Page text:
A quick and easy sauce to make, the Amatriciana, originally from Amatrice in Lazio, is traditionally very simple to make using a merging together of guanciale (cured pork cheek) and pecorino cheese. In the case of carbonara with the addition of egg yolk and with Amatriciana (matriciana-Roman dialect) using tomatoes. The fatty pork melts along with the cheese in to the tomatos giving a wonderful flavour.


In the UK, especially during pandemic lockdown, it is virtually impossible to get hold of guanciale and pecorino cheese is hard to come by so this is my version which is really just an idea of the day.
I start by melting some butter in a quality extra virgin olive oil with the purpose of creating a full flavorsome fat experience that you might get from guanciale. I added cured, smoked bacon, chopped without cutting off fat and fry in a moderately high heat.
I leave it frying until the bacon fat starts bubbling off the meat and mixes with the fat of the oil and butter and I allow it to brown and go almost crispy, and yet-still soft I don't want to turn the bacon in to crisps.
For a 5 minute prep I would stop there however, I would like to add onions so I get a nice onion hit inside the fat mix. I sliced the onions against the grain using a chefs knife, wafer, see through thin so they cook quickly and I cut them a couple of times with the grain so I get slightly long shreds of onions so I will be able to taste them almost individually in a forkful as opposed to dicing them with the purpose of making them disappear just to become one with the sauce. In terms of quantity I'm using one giant onion which could be the equivalent to 3 supermarket onions or 6 of the tiny value? onions.
The bacon I wanted to cook hard and brown slightly to extract the full flavour but the onions I don't want to brown but need them thoroughly cooked so they go in to caramalised deep golden buds of onion flavour hits.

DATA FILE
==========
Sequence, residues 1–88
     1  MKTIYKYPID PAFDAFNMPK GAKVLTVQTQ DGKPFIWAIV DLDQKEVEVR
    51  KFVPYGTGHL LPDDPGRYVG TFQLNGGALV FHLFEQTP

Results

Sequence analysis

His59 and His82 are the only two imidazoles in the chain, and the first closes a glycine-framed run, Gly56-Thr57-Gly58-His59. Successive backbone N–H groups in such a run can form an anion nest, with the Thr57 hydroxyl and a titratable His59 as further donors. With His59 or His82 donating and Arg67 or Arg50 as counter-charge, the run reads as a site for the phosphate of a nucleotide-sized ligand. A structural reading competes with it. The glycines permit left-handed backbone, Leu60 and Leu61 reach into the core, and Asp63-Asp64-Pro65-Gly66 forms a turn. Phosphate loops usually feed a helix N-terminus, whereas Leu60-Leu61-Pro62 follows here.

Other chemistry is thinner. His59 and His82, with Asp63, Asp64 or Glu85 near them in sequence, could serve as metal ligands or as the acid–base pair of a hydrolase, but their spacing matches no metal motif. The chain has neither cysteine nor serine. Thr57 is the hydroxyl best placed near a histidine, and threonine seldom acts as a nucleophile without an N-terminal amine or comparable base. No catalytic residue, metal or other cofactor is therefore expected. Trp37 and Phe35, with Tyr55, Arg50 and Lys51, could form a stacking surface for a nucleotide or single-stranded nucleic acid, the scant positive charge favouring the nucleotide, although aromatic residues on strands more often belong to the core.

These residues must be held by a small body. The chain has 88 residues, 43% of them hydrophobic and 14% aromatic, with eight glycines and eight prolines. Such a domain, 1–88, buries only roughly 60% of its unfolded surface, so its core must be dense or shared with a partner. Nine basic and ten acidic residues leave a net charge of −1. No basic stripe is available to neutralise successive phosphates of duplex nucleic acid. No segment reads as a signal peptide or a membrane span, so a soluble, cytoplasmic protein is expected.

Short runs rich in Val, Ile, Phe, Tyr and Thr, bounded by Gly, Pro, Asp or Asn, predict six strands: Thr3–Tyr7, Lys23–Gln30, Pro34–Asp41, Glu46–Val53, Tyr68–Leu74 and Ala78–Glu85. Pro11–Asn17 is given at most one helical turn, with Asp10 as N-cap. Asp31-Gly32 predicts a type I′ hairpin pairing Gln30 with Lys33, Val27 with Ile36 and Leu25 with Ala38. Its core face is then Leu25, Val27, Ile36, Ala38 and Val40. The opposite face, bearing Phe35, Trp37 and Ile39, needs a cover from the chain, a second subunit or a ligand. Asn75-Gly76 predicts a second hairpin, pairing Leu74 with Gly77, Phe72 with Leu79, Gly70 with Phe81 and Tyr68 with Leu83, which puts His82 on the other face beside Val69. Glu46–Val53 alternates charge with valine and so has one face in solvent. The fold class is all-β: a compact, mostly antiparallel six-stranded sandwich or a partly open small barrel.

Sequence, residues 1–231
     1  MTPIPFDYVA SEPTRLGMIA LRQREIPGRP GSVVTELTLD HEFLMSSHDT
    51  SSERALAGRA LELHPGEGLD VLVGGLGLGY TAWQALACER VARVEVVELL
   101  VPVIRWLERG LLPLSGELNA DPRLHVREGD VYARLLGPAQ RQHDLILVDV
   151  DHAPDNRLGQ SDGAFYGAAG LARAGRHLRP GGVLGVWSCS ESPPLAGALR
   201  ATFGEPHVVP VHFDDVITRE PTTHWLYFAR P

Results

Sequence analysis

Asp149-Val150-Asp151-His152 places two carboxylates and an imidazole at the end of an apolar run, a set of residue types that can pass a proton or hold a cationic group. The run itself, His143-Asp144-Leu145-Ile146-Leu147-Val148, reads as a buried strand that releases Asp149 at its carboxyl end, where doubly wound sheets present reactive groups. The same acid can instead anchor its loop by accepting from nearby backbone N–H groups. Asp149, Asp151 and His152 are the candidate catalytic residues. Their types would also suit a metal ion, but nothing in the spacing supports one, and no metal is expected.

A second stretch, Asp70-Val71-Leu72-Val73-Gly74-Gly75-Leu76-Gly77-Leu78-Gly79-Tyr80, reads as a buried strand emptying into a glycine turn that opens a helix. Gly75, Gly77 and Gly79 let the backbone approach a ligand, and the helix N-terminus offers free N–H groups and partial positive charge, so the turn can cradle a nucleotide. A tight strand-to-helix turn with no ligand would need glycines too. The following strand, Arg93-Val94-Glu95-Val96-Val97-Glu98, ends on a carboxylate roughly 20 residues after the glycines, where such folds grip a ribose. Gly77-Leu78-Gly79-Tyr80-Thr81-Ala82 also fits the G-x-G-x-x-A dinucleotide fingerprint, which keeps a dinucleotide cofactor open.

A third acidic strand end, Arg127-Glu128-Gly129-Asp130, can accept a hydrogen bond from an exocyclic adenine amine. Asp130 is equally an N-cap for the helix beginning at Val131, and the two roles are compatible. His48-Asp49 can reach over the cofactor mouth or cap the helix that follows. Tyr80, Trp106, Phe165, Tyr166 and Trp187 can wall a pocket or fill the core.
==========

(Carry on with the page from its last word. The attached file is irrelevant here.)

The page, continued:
To do this, and also to speed up proceedings, I add a few table spoons of water, stir any burnt bacon from the bottom of the pan and add the lid. I give them a good stir every couple of minutes and if they are starting to burn I add more water.
Now for me, I use a filtered water as depending on where you live, water can have some bad odours and when your constantly evaporating that water you will be concentrating those bad odours-personally I really detest this and I find you can really taste the difference when some dishes made high in Italian mountains using fresh and almost sweet tasting mountain water. In the UK I have a water filter jug that I have next to my stove.
When the onions are cooked to a molten golden treacle it means they are ready and I have removed the lid to allow any added water to have evaporated. Here I add the Casa Varisco Tomato sauce. Traditionally you would just add fresh tomatoes but the sauce is made using fresh tomatoes which are sweetened with a few other ingredients such as wine in order to counteract the bitterness of a tomato that hasn't been ripened in the natural sun, in Italy. If I hadn't have added the onions I might have added a little squeeze of tomato concentrate which would also give it a deeper tomato colour, however for today, I am keen on capatalising on the onion flavour so I want to keep it pure and contaminate it as little as possible.
I heat the sauce while stirring it in to the onion and bacon. Here comes the pecorino part which I don't have but I do have a touch of fresh grana padano and I grate a few strokes directly in to the sauce.
I had cooked some spaghetti- personally I like a thickness of around 8 minutes cooking time, I don't like it too thick so it can soak up a higher proportion of sauce as  this is the main focus in this sitting, the pasta is just to go with it. However, use a quality pasta that will produce a nice al dente texture. My go to for this is Barilla N.5, it doesn't have to be made in Italy as long as it's good- Panzani is excellent and is not made in Italy while other supermarket brands made in Italy I find turn in to some kind of horrible glutinous goo while managing to skip the whole al dente phase.
Some people In the UK don't like pasta al dente, although always remember, it is better for your body to eat  al dente and you will gain less weight eating it like this for those who have weight concerns.
I cooked the pasta in this case 1 minute below what it said for al denete, drained it and stirred it in to the sauce while still in the pan. When serving I added a modest amount of grano padana to begin with but by my fourth helping had upped the dosage considerably.
Obviously this is just one in a million ways to approach this sauce which also expressed my mood of the day. I hope you will also explore and find yourself in this dish.